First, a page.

time. The Pakistani military has begun to confront
tribal leaders, threatening them with home demolitions
and other punishment if they harbor al-Qaeda fighters.
This is a highly sensitive matter in an area that is
virtually beyond the writ of the administration in
"The Pakistani troops are confronting
the tribal elders and making them be accountable for the
behavior in their area. That's a traditional approach
that has not been used till now in that particular part
of Pakistan," said General Barno.
this area has been the focus of attention ever since the
Taliban were driven from Afghanistan in late 2001. Its
rugged territory and the close ethnic ties with the
Pashtun of Afghanistan make it a natural safe haven,
which it has undoubtedly become over the past two years as
the Taliban, aided by al-Qaeda, have regrouped.
The starting point for the new US-led operation
is Khost in Afghanistan as part of a preemptive plan to
curb mujahideen leader Jalaluddin Haqqani, whose belt of
influence spreads all the way from Khost to Pakistan's
North Waziristan Agency. Another belt travels from North
Waziristan to the Kunar Valley in Afghanistan, where
Gulbuddin Hekmatyar, leader of the Hebz-i-Islami
Afghanistan and de facto leader of the Afghan
resistance, is directing operations.
the past, though, when operations have focused on
limited targets and been of short duration, the current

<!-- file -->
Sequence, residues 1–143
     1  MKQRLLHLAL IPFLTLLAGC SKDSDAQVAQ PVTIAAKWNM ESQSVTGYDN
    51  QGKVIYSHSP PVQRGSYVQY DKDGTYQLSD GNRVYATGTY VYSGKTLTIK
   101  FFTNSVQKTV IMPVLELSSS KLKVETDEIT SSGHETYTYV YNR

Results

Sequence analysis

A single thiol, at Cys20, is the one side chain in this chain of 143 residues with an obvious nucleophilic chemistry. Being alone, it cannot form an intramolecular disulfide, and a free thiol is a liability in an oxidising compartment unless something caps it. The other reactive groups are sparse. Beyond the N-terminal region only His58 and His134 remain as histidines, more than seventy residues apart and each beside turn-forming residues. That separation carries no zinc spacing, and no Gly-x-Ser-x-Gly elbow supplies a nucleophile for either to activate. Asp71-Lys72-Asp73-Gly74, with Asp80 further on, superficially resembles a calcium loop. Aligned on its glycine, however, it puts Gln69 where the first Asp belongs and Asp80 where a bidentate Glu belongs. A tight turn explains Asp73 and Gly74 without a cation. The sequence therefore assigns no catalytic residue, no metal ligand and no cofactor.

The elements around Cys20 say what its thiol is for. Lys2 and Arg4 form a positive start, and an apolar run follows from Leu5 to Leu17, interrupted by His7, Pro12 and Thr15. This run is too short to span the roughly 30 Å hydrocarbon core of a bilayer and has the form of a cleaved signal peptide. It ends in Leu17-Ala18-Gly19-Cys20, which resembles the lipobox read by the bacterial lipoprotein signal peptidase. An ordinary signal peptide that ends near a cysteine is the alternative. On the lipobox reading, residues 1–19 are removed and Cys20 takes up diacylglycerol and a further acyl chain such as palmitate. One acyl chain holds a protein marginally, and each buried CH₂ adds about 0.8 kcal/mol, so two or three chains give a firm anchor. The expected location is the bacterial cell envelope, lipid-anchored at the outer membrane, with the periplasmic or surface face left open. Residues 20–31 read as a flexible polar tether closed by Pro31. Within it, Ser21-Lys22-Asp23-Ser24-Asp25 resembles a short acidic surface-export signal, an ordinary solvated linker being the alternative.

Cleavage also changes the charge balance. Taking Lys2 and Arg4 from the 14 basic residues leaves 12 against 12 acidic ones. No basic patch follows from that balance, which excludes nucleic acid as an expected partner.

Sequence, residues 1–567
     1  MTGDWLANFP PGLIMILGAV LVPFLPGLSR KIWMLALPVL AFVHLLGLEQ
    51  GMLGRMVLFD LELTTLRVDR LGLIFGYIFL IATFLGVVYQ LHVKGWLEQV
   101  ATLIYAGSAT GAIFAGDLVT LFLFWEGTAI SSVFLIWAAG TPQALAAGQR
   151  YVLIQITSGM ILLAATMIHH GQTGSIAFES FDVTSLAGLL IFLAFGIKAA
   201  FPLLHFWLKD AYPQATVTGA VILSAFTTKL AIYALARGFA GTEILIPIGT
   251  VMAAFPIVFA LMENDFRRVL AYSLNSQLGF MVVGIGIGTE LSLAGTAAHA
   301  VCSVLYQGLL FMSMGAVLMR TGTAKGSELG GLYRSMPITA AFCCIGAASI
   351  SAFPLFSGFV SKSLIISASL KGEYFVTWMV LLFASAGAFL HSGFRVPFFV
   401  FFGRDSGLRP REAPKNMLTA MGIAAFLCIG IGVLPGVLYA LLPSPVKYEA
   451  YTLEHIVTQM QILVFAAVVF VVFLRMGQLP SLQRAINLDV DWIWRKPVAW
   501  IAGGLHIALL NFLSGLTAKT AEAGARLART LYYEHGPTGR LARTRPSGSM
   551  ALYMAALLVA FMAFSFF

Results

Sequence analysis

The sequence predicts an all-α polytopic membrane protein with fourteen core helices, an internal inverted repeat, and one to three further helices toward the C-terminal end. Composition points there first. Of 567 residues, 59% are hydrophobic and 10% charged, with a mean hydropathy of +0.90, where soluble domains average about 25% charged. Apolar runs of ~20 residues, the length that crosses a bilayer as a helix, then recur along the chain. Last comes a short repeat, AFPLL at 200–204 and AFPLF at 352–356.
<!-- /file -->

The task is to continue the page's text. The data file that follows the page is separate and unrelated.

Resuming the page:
offensive is all-embracing and has as its ultimate goal
the destruction of the Afghan resistance (with the
cherry on the top being bin Laden's capture). NATO
forces have already occupied key places in Afghanistan
in an attempt to block off the border and to wait for
fugitives flushed out from Pakistan. The anvil is almost
in place on one side of the border. Now it is up to the
Pakistanis to do their bit on the other side.
United States is not taking any chances. US Central Intelligence Agency
director George Tenet visited Islamabad recently
on an unofficial trip. His team stayed in
a local hotel, while Tenet was accommodated at the
US Embassy. He secretly met with several high-profile Pakistani
officials, including his counterpart, the director
general of the Inter-Services Intelligence.
Sources familiar with the meetings told Asia Times Online
that a roadmap was sketched for the region, including a
"full-scale war" if necessary to smoke out bin Laden and
Mullah Omar. Pakistan's commitment in this was sought.
At a time when the United States is keen to leave
Afghanistan - elections are due in June but likely to
be delayed - this full-scale commitment holds the inherent
danger that it might fail, and the US be drawn even
deeper into the country's morass. This in turn could
trigger a chain of events culminating in another terror
attack on the US along the lines of that of September
11, 2001, for example on the Rockefeller Center in
New York. The wheel in the "war on terror" in such an
event really would have turned full circle.